Solar Tribune

After Solar Impulse: The Next Solar Adventure?


Solar Impulse 2 proved that solar energy can be exciting on many levels.

Tuesday, July 26th, the world’s first entirely solar powered aircraft touched down in Abu Dhabi, completing an epic 505 day odyssey around the globe. Piloted by two Swiss adventurers, Andre Borschberg and Bertrand Piccard, Solar Impulse 2 proved that solar photovoltaic generation of electricity can not only power our homes, but also power our dreams.

Of course, solar has played a part in many of the epic voyages of the last half-century. Ever since the United States launched Vanguard I on March 17, 1958, solar panels have been a part of space travel. In July of 1969, Apollo 11 delivered the first solar panels to the moon. Solar has powered expeditions on Mt. Everest and experimental car races across South Africa and the Australian outback.

Solar Impulse 2 was not the first around the world flight to rely on solar power, however. The Breitling Orbiter 3 was the first hot-air balloon to circumnavigate the globe, piloted by Brian Jones and… none other than Bertrand Piccard. Piccard’s first successful trip around the globe in 1999 used solar panels suspended below the gondola to power critical systems.

Piccard and Borschberg piloted Solar Impulse 1 in impressive solar-powered flights from Switzerland to Spain and then Morocco in 2012, then a multi-stage flight across the US in 2013, before embarking on the Solar Impulse 2 adventure.

In a time when the world seems smaller and more homogeneous due to digital communications, great human adventures– peaceful voyages of scientific discovery, technical prowess and human endurance– get less and less attention. Solar Impulse 2 held its own in the Twitterverse, with live streaming launches and landings, attractive and articulate jumpsuit-clad video-hosts and endless shots of the technological wonder soaring over countless exotic locations and cultural landmarks. One is still left asking oneself about the actual significance of the flight beyond social media and publicity for green tech, and if there is a technological next step beyond Solar Impulse 2.

According to Government Technology; “The strategic breakthrough that this technology represents is undeniable. Clean, renewable energy in the form of sunshine that can’t be metered has provided fuel for a flight around the world for the first time in human history. This is an innovation in energy that has implications going forward for every sector of modern industrial society. It isn’t too much of an exaggeration to say that Solar Impulse has ushered in a new era.”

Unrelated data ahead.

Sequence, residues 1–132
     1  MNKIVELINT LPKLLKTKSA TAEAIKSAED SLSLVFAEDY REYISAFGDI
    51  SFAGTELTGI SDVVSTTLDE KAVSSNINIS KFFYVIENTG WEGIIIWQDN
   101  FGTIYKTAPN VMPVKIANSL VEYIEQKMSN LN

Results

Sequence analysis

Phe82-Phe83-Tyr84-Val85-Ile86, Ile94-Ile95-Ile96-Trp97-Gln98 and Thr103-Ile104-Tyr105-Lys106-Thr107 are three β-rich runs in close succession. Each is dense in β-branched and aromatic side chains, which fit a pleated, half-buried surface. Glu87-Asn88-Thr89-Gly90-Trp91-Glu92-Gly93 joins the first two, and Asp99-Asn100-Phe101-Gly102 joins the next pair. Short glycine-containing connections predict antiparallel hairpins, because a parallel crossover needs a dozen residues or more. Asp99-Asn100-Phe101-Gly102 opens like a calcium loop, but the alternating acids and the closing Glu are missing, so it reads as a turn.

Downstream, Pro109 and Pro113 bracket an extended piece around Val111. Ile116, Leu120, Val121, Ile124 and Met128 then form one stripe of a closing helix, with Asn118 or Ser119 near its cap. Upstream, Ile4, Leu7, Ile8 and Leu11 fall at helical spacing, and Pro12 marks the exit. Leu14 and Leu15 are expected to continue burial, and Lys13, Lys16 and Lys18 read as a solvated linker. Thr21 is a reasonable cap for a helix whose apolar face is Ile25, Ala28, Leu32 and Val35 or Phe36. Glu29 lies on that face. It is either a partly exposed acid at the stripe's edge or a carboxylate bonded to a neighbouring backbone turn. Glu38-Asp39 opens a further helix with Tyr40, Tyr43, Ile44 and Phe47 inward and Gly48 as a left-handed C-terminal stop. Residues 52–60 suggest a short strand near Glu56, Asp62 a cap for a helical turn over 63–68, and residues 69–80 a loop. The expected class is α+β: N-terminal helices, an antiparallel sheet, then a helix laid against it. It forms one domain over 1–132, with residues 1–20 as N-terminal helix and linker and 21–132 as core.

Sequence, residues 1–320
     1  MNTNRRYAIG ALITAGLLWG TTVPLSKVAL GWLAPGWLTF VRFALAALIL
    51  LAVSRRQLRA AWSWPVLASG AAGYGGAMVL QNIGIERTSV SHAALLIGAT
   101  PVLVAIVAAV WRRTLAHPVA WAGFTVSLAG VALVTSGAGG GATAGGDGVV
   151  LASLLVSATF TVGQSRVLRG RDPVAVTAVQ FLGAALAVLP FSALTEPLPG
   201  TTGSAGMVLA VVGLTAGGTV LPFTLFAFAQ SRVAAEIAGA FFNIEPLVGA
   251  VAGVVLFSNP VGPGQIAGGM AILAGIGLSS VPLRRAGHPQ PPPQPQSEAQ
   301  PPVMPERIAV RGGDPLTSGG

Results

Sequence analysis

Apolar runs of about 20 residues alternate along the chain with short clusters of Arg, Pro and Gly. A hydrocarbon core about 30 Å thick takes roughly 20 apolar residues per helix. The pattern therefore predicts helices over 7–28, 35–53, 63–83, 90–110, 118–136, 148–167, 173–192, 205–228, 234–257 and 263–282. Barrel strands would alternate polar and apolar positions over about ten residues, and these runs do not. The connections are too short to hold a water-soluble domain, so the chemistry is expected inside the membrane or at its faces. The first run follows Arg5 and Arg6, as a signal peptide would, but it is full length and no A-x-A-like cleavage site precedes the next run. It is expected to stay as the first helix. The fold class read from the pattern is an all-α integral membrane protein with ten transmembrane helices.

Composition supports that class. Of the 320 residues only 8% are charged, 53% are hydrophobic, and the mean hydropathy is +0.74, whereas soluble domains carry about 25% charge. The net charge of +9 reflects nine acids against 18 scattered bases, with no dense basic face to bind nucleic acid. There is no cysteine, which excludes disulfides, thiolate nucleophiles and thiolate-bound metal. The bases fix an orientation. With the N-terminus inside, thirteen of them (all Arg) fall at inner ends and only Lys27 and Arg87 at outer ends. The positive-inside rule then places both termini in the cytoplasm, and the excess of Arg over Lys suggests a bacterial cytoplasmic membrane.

It was no coincidence that The United Arab Emirates (UAE) was the taking off and landing point for the journey. Laura El-Katiri, an Abu Dhabi-based consultant and a research fellow at the Oxford Institute for Energy Studies wrote an article for the UAE news site The National that states; “The UAE’s target is to increase the contribution of clean energy – renewable energy and nuclear power – from less than 1 per cent in 2014 to 24 per cent of the country’s energy mix by 2024. This commitment will have great job-creating potential for young Emiratis. It is also an indication of the UAE’s increasing emphasis on more climate-friendly development planning, demonstrating that economic growth in the region can be “green”.

But what of Piccard, Borschberg and other up and coming solar adventurers? For the Solar Impulse team, they plan to downsize.  “We will produce a solar drone based on the experience we have,” Borschberg told WIRED in a phone call following the plane’s landing. “We hope to have something of our own flying in the stratosphere in less than three years.”The planned drone will be unmanned – the pilot jokes he is putting himself out of a job – and will have a wingspan of approximately 40 to 50 metres.

As the article is being posted, the American Solar Challenge, a 1,975-mile rally race for solar cars built and designed by university teams around the world, is approaching the end of it’s course crossing the central United States. Meanwhile, Britain’s national solar car team has launched a £500,000 ($666,752) sponsorship drive to build a car to take part in next year’s World Solar Challenge, a race which sees solar-powered vehicles drive from Darwin, northern Australia, to Adelaide on the south coast. A DIY unmanned solar boat named Seacharger has just completed a voyage from California to Hawaii. These may not be as epic as Solar Impulse 2, but taken as a whole, it shows that solar remains the platform of choice for 21st century adventure.

While PV powers earthly adventures, JAXA, The Japan Aerospace Exploration Agency, recently unveiled a huge prototype solar sail designed to power a JAXA probe as it explores asteroids that circle the sun on roughly the same orbit as Jupiter. The sail measures 2,500 sq. meters and is made up of thousands of ultraslim solar panels.

One has to ask; as Elon Musk looks to pool the resources of Tesla Motors and SolarCity, how will his company SpaceX utilize solar in propelling the first mission to Mars?


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